When first contemplating a business idea, what is the best way to evaluate its feasibility? Will it be successful, and what do you need to do in order to make your business a success from the get go. I’m sure you’ve seen (or heard) of entrepreneurs who are successful at launching businesses that reek of feasibility. Are they simply lucky or simply brilliant?
Great business owners are both – luck and brilliant. As a potential small business owner, when you are evaluating what type of business to start, there are dozens of variables to consider, but to keep it simple here, let’s look at 3 basic steps to creating a business that will succeed:
1. Stick To What You Know
One of the biggest mistakes new entrepreneurs make is getting into a business that they have limited knowledge about. For example, I’ve heard many stories of an entrepreneur opening up an eatery (restaurant), only to fold up the business six months later, and be out thousands of dollars in debt.One proven fact is that entrepreneurs thrive in businesses when they are emotionally committed to their business. It’s the reason they don’t give up when there are challenges or bumps in the road. A lot of money can be made from one’s passion.
2. Crunch Numbers
You may not be a numbers guy, but crunching numbers before you start is essential. I’m certain that you wouldn’t purchase a new car without crunching the numbers, and knowing what you can afford.There’s no excuse to not do research on other businesses that are similar, and that have been around for years. Use their pricing as an example to establish your own pricing. Take their marketing ideas, and fine tune them for your business. You don’t need to re-invent the wheel, everything is already out there.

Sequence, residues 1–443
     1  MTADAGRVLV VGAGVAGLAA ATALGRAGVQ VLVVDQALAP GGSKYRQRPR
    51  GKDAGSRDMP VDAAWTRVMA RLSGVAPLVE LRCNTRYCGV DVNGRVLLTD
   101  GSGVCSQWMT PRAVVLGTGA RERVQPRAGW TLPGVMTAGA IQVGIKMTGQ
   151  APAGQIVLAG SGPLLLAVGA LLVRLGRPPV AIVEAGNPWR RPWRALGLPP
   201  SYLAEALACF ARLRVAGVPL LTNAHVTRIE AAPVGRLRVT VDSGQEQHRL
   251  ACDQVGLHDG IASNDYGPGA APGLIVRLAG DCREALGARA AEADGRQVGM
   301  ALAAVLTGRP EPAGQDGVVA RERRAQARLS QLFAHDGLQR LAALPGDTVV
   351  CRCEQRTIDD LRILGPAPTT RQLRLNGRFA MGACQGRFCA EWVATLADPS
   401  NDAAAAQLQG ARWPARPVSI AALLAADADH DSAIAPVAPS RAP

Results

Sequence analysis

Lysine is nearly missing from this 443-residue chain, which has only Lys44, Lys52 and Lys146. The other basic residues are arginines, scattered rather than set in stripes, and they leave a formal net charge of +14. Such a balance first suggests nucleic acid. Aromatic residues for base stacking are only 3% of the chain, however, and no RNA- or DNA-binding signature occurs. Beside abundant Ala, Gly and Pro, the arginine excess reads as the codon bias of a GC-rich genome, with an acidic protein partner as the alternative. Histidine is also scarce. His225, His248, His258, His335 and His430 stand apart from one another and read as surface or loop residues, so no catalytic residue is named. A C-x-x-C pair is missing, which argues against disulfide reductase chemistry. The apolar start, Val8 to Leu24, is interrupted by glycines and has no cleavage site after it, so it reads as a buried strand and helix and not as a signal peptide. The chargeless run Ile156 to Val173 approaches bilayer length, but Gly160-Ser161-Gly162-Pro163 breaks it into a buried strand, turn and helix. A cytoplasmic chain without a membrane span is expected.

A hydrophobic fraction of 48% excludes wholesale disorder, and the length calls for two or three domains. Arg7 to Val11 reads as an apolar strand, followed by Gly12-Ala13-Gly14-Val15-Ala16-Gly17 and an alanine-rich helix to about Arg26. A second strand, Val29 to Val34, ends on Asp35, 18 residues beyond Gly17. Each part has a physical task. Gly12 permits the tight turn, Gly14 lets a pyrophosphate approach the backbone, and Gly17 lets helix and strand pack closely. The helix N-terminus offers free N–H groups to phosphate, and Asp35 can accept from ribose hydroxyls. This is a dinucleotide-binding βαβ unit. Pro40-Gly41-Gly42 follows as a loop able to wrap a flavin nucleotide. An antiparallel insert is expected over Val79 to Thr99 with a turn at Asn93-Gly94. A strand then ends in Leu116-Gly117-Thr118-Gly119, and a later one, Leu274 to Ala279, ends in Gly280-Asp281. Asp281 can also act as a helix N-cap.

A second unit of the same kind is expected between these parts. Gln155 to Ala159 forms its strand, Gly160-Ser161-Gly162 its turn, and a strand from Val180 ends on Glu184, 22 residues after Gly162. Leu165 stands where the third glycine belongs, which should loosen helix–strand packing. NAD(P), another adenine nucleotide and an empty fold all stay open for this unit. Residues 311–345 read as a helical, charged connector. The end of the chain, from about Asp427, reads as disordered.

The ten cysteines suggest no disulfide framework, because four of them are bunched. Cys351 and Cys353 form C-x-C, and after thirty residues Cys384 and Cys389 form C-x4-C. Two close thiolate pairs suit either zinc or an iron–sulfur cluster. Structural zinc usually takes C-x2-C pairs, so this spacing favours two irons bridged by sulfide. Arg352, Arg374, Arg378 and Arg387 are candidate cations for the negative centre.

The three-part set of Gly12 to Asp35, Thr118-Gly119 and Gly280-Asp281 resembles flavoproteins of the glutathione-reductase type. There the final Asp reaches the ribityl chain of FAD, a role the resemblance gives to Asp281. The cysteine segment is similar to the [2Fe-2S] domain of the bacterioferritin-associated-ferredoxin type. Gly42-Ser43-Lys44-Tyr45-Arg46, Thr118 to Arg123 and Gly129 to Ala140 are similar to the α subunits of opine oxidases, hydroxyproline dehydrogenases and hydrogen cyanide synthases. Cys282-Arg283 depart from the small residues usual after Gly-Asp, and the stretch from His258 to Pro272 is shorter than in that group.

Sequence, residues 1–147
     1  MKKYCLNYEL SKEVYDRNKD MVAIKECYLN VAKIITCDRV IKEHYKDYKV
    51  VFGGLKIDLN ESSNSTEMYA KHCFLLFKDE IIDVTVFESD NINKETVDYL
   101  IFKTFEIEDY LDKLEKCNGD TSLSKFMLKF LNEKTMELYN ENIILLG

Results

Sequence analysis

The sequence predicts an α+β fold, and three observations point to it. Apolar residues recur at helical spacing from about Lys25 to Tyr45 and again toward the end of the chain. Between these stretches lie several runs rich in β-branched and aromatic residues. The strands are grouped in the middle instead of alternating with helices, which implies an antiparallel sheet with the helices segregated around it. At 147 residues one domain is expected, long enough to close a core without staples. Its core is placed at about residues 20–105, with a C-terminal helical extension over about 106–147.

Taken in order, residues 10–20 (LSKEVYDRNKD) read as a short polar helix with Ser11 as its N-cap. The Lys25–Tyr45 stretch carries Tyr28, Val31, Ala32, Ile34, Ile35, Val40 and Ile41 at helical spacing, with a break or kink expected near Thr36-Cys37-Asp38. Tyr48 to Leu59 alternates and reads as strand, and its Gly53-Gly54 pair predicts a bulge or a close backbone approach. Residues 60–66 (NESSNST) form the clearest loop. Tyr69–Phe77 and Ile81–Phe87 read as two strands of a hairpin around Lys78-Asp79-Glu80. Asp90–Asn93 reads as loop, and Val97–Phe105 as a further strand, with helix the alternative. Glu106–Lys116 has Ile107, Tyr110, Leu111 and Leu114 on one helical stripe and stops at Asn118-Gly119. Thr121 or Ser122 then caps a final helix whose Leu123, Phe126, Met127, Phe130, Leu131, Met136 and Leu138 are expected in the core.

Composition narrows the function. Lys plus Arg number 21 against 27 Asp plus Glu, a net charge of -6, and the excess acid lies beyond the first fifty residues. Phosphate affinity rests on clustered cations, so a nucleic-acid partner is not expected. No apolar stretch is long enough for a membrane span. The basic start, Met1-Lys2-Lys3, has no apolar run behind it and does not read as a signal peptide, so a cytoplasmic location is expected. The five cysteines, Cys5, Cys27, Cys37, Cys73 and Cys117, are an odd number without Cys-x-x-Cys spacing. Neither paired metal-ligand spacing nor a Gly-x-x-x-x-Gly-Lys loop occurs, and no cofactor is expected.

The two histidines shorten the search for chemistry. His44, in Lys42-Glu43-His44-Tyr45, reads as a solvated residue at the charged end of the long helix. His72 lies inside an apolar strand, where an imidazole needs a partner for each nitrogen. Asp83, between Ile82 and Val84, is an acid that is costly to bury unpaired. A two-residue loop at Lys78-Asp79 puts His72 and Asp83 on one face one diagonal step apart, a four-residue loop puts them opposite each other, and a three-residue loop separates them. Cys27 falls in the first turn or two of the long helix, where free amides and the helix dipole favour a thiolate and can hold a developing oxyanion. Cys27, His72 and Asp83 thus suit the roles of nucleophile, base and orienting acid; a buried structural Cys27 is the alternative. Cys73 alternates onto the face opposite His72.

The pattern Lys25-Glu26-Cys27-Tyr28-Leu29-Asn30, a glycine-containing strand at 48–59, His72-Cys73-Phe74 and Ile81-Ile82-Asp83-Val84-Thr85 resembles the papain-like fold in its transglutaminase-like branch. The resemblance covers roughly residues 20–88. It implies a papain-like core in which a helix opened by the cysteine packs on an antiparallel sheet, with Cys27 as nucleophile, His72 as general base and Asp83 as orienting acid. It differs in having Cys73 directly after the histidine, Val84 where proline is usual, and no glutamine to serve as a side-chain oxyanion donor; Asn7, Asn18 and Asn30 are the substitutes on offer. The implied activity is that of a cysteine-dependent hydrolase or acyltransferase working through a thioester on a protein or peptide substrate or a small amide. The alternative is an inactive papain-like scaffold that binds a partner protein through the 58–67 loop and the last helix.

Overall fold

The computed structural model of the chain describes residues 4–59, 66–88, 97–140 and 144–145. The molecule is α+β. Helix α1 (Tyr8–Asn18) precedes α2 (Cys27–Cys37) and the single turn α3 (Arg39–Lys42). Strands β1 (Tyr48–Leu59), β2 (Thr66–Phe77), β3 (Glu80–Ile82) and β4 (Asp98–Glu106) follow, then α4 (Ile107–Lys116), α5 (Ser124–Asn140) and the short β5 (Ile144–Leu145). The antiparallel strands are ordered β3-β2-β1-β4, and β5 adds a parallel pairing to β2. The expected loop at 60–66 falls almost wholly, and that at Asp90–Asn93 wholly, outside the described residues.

You should also figure out your fixed costs—such as rent or utilities like your cell phone—and variable expenses such as inventory and marketing costs.
3. Spread The Word
Spread the word anyway you can. Being a marketing person, I think its very important to market your small business effectively, but marketing does not have to cost a lot of money. Talk to people about your business by showing your passion for your business. Hand our business cards at will, and create an online presence. Identify your target market, determine how you will reach them, and test your marketing messages over and over until you nail down the one that gets them to respond and buy.
All of the above three are important, but knowing the type of business/industry you’re getting into is a very important key point. Far too many entrepreneurs pick the wrong industry to start their business, and therefore end up on the wrong side.
Readers, can you suggest any other important variables to consider when evaluating a businesses feasibility?
Photo Credit – Artnoose
How did you become an entrepreneur? Was it something you always wanted to do or did you have an ‘ah ha’ moment that propelled you into a new career path?
For my self was it was a comfort level I already knew existed. Having been employed full-time out of school for nearly five years, deep down I had an itch to become my own boss. That’s how I imagined it growing up as a kid with dreams of business ownership and the ability to create something out of nothing.
Despite the failure rates surrounding any start-up business, I wanted to give my business idea a go, and succeed while avoiding to become another negative statistic.